That said, "European" doesn't refer to culturing—it refers to the fat content. In the U.S., butter must have a fat content of at least 80 percent. In Europe, the minimum is higher: at least 82, and up to 86, percent. This is oh-so-welcome in butter-forward recipes, like pound cake, puff pastry, or brioche. A few percentage points difference in fat content can noticeably affect the chemistry of a recipe. If you're adapting a recipe from an American- to European-style butter, do a trial run first (read: not at that holiday dinner you've planning for weeks).

6. Compound

Essentially, flavored butter. In old-school steak houses, this might mean a slowly melting, herby medallion atop a ribeye. But if you DIY, the sky's the limit. Use plastic wrap to shape into small logs and freeze; slice whenever your steak (or pasta or rice or broccoli) wants a pick-me-up.

7. Whipped

The name says it all: whipped, while nitrogen gas or air is added. What it doesn't say is that this turns into up to 60 percent of the final volume. Translation: 1 cup unsalted butter weighs 8 ounces; 1 cup whipped butter, depending on the brand, will likely weigh less than 6 ounces. Which means you're paying for air. If you prefer the texture for toast, whip away. But don't cook or bake with this.

8. Drawn

Some people say this is synonymous with clarified. Others say it's synonymous with melted. Either way, you'll usually find it hanging out in tiny, plastic cups at seafood shacks, for lobster claw dunking and the like.

9. Clarified

Butter, sans water and milk solids—wait, except, isn't butter pretty much just fat, water, and milk solids? Ding, ding! Which means clarified butter is pure fat. This extends its shelf life and increases its smoke point to over 400°F. It's a must for classic French hollandaise. Or just a handy trick for extra-buttery popcorn (start the kernels in clarified butter, then add more clarified butter at the end). Caveat: It becomes grainy when chilled, so this is a cooker, not a spreader. And because its other components are gone with the wind, it is not baking-friendly, either. I like Marion Cunningham's method from The Fannie Farmer Cookbook: Melt butter in a big glass measuring cup in a warm oven. Strain the clear liquid on top through a cheesecloth.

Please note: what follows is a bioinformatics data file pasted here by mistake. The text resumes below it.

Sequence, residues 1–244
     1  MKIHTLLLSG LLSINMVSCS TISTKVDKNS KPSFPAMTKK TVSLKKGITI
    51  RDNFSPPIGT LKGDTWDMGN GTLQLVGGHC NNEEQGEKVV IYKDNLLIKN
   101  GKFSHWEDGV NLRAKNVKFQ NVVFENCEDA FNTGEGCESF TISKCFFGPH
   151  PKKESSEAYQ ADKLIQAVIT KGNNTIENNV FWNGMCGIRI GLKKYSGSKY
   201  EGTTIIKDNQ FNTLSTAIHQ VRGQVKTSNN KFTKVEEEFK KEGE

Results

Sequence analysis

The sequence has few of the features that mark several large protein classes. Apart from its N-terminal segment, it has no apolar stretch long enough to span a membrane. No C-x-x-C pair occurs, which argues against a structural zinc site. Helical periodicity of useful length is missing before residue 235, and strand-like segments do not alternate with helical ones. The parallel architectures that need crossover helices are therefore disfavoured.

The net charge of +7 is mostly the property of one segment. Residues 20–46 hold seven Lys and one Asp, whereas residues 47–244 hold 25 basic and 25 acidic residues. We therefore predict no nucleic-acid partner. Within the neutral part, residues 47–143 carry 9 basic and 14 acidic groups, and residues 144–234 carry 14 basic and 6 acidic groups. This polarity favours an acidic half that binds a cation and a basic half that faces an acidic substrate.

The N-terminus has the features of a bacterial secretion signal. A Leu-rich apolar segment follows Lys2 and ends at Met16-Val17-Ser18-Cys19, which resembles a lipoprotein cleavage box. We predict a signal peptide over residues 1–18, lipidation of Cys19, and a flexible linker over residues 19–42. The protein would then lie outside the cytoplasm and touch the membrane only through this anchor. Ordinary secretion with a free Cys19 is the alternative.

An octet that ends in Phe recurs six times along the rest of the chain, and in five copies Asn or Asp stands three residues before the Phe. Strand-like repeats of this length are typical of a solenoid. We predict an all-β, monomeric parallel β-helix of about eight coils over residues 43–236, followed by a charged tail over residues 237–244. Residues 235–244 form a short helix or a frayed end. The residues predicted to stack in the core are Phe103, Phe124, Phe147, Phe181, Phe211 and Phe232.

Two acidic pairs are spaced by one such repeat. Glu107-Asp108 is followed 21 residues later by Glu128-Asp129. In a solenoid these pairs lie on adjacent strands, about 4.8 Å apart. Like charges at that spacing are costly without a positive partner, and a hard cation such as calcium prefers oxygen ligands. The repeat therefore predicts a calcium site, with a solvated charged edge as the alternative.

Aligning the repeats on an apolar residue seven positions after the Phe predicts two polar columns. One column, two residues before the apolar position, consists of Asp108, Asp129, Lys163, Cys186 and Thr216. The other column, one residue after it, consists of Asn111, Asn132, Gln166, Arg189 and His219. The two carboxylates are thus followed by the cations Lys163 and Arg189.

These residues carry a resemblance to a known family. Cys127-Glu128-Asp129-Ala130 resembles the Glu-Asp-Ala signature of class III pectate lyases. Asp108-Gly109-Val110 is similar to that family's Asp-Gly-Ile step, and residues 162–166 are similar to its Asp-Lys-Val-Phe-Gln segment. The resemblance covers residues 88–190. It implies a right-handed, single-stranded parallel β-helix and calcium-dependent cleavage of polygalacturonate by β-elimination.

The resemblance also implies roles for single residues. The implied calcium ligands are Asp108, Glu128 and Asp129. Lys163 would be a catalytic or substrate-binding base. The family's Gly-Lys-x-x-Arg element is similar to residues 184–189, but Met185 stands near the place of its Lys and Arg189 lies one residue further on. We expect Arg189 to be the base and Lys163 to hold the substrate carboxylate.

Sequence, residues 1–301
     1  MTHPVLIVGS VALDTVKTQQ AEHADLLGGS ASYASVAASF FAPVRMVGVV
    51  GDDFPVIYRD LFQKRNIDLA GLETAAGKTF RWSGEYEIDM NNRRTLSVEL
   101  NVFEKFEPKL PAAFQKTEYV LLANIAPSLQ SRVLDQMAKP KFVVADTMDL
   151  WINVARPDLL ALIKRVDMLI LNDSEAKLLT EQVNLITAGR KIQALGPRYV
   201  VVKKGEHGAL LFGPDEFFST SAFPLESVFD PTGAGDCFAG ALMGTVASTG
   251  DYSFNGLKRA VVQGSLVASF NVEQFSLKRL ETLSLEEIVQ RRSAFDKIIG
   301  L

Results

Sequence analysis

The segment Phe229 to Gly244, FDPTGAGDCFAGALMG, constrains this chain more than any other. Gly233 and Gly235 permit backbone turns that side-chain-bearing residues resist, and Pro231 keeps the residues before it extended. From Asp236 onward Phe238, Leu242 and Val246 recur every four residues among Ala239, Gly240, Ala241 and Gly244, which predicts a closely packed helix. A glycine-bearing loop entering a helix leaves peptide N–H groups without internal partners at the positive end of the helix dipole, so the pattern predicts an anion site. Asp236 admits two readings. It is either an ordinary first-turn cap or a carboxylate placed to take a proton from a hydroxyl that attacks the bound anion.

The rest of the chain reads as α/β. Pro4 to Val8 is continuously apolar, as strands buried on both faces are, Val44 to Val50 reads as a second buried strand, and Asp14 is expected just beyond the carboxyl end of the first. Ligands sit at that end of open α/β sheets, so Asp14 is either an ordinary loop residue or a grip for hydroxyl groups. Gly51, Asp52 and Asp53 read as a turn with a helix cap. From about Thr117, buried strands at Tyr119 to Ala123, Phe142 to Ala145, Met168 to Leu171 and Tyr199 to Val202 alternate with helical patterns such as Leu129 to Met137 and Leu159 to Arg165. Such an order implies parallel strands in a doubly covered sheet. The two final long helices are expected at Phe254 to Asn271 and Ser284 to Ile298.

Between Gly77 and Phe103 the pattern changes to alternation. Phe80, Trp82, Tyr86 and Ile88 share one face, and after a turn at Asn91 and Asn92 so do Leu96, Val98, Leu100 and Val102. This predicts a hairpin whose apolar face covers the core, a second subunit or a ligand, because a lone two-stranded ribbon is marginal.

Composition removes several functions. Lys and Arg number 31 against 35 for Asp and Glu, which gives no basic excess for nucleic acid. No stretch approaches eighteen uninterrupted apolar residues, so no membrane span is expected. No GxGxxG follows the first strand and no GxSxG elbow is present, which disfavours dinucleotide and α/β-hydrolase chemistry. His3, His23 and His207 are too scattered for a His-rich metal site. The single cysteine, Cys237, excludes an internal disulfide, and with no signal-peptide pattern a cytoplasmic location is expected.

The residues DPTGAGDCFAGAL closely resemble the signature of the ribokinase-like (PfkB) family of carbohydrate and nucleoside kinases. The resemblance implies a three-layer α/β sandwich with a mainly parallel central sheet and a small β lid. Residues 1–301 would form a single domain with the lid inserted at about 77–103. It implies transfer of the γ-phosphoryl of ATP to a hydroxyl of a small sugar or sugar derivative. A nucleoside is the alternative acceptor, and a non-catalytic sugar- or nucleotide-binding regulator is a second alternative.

10. Ghee

Not quite the same as clarified, though many assume it is. Ghee is a type of clarified butter—so, same longer shelf life and higher smoke point. It originated in India and is integral to the country's cuisine. To make ghee, you start out the same as clarified butter—by melting—but take it farther, so the milk solids start to brown, then strain. This creates a rich, nutty flavor.

11. Brown

The French know this as beurre noisette, or hazelnut butter. Not because it contains any hazelnuts, but because it smells like them. The process here is similar to ghee—melt butter until the milk solids fall to the bottom of the pan, then begin to toast—but instead of straining, you keep them around for all their flavor. Just be mindful of timing, since butter goes from brown to burnt in an eye-blink. Keep a cool, heatproof vessel nearby to pour the butter into to halt the cooking.